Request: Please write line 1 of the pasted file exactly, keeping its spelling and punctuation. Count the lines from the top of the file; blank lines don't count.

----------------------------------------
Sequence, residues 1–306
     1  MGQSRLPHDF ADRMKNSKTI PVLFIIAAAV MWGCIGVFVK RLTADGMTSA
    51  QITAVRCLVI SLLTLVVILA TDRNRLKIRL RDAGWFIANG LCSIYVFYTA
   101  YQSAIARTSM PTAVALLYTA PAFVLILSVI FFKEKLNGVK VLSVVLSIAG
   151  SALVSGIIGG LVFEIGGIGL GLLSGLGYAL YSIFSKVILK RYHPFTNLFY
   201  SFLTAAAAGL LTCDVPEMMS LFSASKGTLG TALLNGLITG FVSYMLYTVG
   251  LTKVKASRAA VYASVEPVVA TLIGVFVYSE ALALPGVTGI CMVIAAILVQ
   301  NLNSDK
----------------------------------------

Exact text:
Sequence, residues 1–306